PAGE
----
Under the Carson ordinance, profitability is protected by increasing rent levels to cover rising expenses and inflation. CHV submitted 1992 profit levels as targets to be used in computing the amount of any rent increase to be applied after 1995. CHV submitted evidence of increases in water expenses, property taxes, street maintenance, wetlands remediation and related legal expenses. A component of these expenses included $190,333 to remediate wetlands contamination and $100,063 in legal fees associated with the contamination. This remediation amount was based on the cost of the project, covered by a loan payable over a period of three years. CHV contended that "an expenditure incurred in a given year is properly allowed as an expense for the same year."

In the final staff report, the report ultimately adopted by the Board, the remediation expense was spread over three years rather than the first year in which the obligation was undertaken. Additionally, the $100,063 in legal fees related to the wetlands contamination were eliminated from the staff recommendation as an overhead expense for which any rental increase would be permitted.

As to the $190,333, the Court agreed with the Board staff's recommendation that the project amount be spread over three years. While the cost was incurred in one year, the obligation to repay the cost was spread over 28 months. Applying the entire obligation to the first year would overstate the operating expenses for that year and create a "permanent, artificially high monthly rent increase would permit CHV to realize unwarranted profits from increased revenues long after repayment of the loan obligation incurred to remediate the wetlands contamination." Regarding the attorneys fees, the Court agreed with the Board that the legal services rendered in connection with the contamination mitigation were not provided in connection with regular mobile home park operations and noted similar treatment of attorney's fees in remediation cases involving Unocal, CalTrans, as well as the cities of Carson and Compton. While excluding the fees associated with contamination litigation, the Board did permit some fees that were associated with regulation compliance and obtaining of remediation plan approval.

Regarding the new construction of eleven park spaces, the Board disallowed these costs as operating expenses, viewing the new spaces as an investment an "expansion of a valuable revenue source" and not capital improvements. The court agreed with the board's characterization of the new spaces, noting that "the spaces do not contribute to the overall use and enjoyment of the mobile home park by its residents, and in fact reduce the number of available parking spaces for residential vehicles."

In affirming every component of the board's decision, the Court also concluded that there was substantial evidence to support the Board's decision not to grant CHV an interim rent increase. Despite a provision of the municipal code permitting an interim increase when a final decision is not reached within 75 days of the completion of a rent increase application, the Board claimed that it had refused to grant an interim increase after a number of continuances in the proceedings on the grounds that any delay was caused by CHV's failure to submit material information.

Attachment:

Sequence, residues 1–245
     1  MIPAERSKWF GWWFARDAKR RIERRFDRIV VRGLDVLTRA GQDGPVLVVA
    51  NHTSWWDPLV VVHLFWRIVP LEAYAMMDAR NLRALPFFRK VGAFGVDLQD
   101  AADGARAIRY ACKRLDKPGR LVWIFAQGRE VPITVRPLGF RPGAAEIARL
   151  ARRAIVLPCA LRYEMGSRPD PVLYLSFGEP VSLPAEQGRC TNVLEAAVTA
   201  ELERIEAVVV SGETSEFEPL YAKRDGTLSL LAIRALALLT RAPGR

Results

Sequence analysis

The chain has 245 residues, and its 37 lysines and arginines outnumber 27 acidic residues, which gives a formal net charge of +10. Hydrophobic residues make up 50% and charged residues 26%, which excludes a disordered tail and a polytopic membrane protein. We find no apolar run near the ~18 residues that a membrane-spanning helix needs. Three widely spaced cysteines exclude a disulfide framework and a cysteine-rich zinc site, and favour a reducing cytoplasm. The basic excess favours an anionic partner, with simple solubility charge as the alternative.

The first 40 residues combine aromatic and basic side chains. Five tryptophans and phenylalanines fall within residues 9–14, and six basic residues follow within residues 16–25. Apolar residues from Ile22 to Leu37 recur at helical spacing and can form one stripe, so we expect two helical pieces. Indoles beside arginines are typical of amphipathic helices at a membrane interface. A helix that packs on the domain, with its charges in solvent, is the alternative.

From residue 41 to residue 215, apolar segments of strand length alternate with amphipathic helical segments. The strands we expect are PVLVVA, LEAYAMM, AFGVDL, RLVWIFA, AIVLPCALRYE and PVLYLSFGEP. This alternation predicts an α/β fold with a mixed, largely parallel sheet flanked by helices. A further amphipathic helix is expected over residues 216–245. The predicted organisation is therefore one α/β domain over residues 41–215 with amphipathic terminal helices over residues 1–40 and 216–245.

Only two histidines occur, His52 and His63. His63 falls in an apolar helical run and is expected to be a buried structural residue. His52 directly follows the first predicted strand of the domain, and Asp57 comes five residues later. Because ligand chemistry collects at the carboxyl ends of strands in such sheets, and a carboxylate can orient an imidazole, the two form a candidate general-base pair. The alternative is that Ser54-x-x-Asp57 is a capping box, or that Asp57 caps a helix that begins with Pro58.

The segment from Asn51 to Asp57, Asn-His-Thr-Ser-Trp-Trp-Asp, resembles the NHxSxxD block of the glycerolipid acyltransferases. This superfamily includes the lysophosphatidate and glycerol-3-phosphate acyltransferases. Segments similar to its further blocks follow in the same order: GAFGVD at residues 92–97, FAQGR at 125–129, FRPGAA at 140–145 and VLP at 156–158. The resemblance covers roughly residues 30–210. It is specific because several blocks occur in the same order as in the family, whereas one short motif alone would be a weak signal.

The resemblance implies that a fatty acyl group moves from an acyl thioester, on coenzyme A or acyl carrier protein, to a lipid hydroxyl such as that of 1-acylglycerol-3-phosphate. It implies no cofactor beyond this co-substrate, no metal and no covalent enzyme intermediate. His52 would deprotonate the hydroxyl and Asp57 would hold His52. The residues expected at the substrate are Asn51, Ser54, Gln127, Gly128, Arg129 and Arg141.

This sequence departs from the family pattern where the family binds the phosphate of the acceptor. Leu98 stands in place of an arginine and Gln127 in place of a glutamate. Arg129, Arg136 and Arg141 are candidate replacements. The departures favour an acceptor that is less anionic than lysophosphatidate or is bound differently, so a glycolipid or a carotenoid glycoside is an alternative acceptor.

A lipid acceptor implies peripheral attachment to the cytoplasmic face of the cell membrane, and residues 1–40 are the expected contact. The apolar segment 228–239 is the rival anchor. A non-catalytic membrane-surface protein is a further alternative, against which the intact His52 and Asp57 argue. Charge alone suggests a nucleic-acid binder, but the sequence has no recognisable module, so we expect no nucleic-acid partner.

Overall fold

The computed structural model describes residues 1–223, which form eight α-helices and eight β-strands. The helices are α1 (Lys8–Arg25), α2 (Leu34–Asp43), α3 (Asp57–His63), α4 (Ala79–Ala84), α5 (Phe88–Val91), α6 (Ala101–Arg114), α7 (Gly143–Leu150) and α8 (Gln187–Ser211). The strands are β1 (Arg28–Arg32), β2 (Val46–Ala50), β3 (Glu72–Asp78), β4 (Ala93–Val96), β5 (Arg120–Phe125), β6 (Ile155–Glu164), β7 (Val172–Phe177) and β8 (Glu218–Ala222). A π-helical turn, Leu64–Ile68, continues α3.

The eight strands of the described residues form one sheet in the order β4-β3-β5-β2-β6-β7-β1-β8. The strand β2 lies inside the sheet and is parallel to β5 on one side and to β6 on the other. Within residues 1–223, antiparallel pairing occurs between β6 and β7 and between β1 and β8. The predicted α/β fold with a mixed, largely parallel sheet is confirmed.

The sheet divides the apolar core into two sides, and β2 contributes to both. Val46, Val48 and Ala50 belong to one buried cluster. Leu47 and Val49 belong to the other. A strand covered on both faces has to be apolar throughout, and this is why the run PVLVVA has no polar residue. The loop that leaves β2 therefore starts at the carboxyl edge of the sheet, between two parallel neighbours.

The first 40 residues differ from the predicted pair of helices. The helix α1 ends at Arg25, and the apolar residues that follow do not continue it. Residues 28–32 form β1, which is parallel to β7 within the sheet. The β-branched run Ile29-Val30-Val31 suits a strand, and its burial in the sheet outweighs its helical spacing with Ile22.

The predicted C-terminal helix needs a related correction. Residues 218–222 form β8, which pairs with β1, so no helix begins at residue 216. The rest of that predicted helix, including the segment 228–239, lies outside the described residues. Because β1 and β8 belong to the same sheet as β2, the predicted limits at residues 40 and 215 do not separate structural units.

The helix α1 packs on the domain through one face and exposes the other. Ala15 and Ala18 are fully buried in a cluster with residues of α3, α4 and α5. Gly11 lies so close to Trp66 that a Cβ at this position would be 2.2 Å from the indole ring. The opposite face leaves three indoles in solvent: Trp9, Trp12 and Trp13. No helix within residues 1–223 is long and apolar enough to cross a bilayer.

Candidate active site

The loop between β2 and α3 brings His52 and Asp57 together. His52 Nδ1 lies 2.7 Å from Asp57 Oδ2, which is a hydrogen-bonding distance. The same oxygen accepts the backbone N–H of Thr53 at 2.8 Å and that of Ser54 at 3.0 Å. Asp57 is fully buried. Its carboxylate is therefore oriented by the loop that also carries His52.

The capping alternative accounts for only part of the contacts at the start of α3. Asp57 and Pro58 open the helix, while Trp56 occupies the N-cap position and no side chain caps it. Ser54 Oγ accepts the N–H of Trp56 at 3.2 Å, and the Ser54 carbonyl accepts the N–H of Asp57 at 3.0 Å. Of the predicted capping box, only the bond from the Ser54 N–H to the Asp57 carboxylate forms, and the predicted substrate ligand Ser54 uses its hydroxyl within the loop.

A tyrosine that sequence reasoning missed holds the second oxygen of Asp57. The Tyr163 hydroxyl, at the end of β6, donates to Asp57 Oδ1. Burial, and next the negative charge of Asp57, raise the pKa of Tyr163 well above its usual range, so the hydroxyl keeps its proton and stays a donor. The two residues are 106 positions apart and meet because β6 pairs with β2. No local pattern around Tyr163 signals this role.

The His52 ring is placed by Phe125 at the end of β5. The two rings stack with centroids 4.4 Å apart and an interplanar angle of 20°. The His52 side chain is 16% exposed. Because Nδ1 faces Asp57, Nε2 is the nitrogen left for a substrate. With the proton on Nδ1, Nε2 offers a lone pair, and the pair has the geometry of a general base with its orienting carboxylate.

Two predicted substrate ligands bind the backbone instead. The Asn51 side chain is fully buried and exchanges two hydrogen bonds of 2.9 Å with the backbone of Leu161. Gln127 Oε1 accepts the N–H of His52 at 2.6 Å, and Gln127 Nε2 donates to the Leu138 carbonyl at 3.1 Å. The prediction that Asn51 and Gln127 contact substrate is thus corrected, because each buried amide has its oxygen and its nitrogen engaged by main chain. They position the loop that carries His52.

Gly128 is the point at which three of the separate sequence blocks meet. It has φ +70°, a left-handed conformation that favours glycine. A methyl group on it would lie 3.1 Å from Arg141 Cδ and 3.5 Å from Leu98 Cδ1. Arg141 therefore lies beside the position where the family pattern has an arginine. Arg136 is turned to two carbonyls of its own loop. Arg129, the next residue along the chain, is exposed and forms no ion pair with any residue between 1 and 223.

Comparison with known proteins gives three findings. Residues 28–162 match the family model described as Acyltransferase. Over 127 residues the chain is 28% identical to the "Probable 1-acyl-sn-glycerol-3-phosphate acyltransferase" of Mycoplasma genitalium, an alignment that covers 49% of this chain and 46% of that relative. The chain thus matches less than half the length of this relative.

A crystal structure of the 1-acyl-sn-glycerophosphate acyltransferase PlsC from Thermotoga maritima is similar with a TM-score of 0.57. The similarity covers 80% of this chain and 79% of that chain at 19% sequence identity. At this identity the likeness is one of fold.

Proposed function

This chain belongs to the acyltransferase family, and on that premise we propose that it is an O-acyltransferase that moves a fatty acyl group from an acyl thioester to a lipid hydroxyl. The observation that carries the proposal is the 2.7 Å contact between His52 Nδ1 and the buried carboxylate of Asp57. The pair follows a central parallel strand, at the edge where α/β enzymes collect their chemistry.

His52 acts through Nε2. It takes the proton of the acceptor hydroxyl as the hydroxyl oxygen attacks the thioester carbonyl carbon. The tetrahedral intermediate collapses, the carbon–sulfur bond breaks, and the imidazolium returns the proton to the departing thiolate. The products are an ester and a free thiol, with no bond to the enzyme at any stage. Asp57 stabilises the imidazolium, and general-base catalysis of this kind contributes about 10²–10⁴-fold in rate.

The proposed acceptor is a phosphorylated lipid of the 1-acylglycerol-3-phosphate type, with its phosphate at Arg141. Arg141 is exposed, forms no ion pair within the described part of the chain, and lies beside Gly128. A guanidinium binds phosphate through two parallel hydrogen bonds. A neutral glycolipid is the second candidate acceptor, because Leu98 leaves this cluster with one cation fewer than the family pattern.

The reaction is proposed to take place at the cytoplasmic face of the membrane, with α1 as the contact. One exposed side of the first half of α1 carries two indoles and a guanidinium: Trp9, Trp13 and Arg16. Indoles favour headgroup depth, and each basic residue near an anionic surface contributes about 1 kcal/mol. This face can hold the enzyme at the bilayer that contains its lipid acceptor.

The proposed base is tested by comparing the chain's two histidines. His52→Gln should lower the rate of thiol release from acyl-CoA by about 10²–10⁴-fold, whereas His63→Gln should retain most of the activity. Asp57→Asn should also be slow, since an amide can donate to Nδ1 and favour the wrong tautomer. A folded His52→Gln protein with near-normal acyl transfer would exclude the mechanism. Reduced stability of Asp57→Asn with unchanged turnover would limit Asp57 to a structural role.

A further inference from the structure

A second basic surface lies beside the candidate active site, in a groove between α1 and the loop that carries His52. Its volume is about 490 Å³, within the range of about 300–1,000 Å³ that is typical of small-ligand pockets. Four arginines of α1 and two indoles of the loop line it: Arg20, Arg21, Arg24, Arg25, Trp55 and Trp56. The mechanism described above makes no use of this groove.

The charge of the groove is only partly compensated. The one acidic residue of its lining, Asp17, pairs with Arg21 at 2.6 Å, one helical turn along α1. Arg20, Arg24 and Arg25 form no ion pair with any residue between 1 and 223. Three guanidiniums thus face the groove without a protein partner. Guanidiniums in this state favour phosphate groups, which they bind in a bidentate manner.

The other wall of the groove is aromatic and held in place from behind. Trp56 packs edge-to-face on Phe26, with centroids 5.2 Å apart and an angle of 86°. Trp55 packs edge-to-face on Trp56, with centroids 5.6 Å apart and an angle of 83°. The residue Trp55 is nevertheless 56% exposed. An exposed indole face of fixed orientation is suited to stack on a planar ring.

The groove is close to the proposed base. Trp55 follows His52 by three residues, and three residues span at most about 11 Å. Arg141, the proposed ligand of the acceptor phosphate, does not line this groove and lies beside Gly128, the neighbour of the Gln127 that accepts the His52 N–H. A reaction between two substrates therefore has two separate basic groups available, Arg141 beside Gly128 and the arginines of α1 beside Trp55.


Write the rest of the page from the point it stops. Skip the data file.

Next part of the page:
Comment: Obviously, one can differ with the very premise of rent control in an "upscale" area, even if it is a neighborhood of mobile homes. California has particularly vicious rent control schemes for mobile home parks. But if one goes with the logic, the case seems to be an appropriate result. Clearly "loading up" expenses for one year could artificially skew the computations, giving the landlord an unwarranted high rent increase in future years when the costs are not likely to recur.

On the other hand one of the pet peeves of rent controlled landlords is the fact that the time lag in any rent increase application is such that the landlord already is earning an inadequate return simply because of the delay before the latest increase can be approved. The park owner's position on an interim increase, at least to the level recommended by Board staff, seems to be sound. But rent control ordinances are "political animals" and courts appropriately try to avoid micromanagement, as was the case here.

Items in the Daily Development section generally are extracted from the Quarterly Report on Developments in Real Estate Law, published by the ABA Section on Real Property, Probate & Trust Law. Subscriptions to the Quarterly Report are available to Section members only. The cost is nominal. For the last six years, these Reports have been collated, updated, indexed and bound into an Annual Survey of Developments in Real Estate Law, volumes 16, published by the ABA Press. The Annual Survey volumes are available for sale to the public. For the Report or the Survey, contact Maria Tabor at the ABA. (312) 988 5590 or mtabor@staff.abanet.org

Items reported here and in the ABA publications are for general information purposes only and should not be relied upon in the course of representation or in the forming of decisions in legal matters. The same is true of all commentary provided by contributors to the DIRT list. Accuracy of data and opinions expressed are the sole responsibility of the DIRT editor and are in no sense the publication of the ABA .

DIRT has a WebPage at: http://cctr.umkc.edu/dept/dirt>http://www.umkc.edu/dirt/